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Ref: 43/2021

The Financial Stability Board (FSB) today published a Practices Paper on the Execution of Bail-in.

Bail-in is at the core of resolution strategies for global systemically important banks (G-SIBs). Set out in the Key Attributes of Effective Resolution Regimes for Financial Institutions, it is an important tool enabling an orderly resolution that minimises any impact on financial stability and ensures the continuity of critical functions, without exposing taxpayers to loss.

Operationalising bail-in is a critical part of resolution planning for G-SIBs and other firms where bail-in is part of the resolution strategy. Since the adoption of the FSB's Principles on Bail-in Execution, resolution planning has progressed, and authorities have developed approaches and practices in accordance with their respective jurisdictions’ legal frameworks, securities law and exchange requirements.

Drawing on examples and practices across different jurisdictions, this paper provides an overview of practices, operational processes and arrangements as part of the bail-in process. This includes the suspension of trading and delisting from trading venues of securities of bailed-in firms; the (re-)listing and (re-)admission to trading of new and existing securities; and the role central securities depositories (CSDs) play in the cancellation of shares, write-down and/or conversion of eligible instruments, and issuance of new shares and interim instruments.

The paper also highlights cross-border challenges to the execution of bail-in, where securities are listed on more than one trading venue across different jurisdictions, or where securities are issued in a market other than the domestic market. These include the suspension of trading and settlement across all relevant trading venues and CSDs; the distribution of the new securities in foreign markets or to foreign investors; and operational challenges arising for example from the involvement of multiple CSDs. These issues introduce additional complexities to the execution of bail-in, which may need to be specifically addressed as part of resolution planning.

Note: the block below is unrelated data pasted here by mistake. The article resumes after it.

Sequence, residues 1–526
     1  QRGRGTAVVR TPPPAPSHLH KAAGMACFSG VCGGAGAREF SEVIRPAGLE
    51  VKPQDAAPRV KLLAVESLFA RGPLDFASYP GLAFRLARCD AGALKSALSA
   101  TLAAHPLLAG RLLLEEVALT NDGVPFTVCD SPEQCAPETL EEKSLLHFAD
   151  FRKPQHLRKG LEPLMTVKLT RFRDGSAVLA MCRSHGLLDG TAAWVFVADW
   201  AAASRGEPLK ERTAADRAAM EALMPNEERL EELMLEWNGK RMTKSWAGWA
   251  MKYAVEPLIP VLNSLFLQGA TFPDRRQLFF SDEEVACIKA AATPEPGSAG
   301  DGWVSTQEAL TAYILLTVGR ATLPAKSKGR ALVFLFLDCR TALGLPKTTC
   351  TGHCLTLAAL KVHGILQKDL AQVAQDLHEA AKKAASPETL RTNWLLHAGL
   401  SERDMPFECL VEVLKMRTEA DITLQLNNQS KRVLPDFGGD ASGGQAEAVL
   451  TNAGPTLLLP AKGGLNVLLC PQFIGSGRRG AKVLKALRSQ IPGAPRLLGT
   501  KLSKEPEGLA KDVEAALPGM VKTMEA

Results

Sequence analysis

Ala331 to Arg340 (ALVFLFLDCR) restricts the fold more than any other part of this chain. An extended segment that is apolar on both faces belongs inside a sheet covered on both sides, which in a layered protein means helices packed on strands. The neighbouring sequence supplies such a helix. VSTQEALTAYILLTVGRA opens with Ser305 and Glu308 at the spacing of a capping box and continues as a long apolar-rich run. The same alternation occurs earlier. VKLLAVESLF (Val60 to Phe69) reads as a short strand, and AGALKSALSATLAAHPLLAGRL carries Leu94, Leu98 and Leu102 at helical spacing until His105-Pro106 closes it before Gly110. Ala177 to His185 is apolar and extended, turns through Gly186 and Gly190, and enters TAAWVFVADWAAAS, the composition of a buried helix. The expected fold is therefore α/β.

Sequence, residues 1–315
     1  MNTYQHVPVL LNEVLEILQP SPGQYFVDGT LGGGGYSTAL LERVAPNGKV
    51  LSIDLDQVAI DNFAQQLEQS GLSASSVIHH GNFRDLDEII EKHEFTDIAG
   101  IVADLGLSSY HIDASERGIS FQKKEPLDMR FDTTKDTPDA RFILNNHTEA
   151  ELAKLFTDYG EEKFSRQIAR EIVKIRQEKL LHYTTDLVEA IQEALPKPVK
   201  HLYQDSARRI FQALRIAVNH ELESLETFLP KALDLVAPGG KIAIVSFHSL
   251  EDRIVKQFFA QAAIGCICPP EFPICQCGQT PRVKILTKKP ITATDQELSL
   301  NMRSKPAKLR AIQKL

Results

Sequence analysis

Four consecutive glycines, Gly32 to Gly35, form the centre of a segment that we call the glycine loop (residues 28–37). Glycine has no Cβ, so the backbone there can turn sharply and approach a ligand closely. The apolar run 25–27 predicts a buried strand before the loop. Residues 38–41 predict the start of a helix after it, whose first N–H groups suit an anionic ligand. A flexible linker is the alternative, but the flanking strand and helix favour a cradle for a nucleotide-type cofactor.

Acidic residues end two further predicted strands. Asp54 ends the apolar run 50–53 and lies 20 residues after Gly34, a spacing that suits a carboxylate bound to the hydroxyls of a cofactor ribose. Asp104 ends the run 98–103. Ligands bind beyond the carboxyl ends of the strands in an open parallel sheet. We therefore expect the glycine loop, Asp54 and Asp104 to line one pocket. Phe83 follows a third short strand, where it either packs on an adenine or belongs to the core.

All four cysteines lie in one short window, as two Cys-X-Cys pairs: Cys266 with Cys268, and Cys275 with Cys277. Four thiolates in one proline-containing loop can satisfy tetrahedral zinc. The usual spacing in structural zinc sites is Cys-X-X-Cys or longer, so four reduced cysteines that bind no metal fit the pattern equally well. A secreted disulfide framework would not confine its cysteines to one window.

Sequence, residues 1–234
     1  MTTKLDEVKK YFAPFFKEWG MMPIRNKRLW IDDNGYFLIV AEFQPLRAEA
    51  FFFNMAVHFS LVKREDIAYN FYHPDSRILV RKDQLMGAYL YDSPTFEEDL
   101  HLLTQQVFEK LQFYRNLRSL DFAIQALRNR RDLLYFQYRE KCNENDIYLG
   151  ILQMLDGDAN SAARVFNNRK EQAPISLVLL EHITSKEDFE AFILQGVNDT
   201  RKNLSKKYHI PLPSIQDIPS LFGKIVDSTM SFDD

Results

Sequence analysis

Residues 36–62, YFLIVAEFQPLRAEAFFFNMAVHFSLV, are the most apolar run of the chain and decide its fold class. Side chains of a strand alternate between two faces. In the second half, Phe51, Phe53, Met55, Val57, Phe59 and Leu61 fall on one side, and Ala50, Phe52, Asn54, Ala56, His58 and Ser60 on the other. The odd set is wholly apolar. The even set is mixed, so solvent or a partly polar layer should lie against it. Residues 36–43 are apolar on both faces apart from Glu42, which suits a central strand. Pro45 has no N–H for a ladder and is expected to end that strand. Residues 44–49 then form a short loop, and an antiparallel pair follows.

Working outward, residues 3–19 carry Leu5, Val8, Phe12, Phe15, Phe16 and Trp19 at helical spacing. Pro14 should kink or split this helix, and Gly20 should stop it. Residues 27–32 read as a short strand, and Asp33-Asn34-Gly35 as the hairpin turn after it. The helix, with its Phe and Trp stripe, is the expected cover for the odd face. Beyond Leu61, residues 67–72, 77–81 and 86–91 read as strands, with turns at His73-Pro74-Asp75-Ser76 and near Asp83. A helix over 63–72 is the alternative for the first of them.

The FSB will continue to facilitate the sharing of practices amongst authorities and efforts to address these issues, including by continuing its engagement with stakeholders as part of the work of its Resolution Steering Group and Bank Cross-Border Crisis Management Working Group.

Notes to editors

The FSB coordinates at the international level the work of national financial authorities and international standard-setting bodies and develops and promotes the implementation of effective regulatory, supervisory, and other financial sector policies in the interest of financial stability. It brings together national authorities responsible for financial stability in 24 countries and jurisdictions, international financial institutions, sector-specific international groupings of regulators and supervisors, and committees of central bank experts. The FSB also conducts outreach with approximately 70 other jurisdictions through its six Regional Consultative Groups.

The FSB is chaired by Klaas Knot, President of De Nederlandsche Bank. The FSB Secretariat is located in Basel, Switzerland, and hosted by the Bank for International Settlements.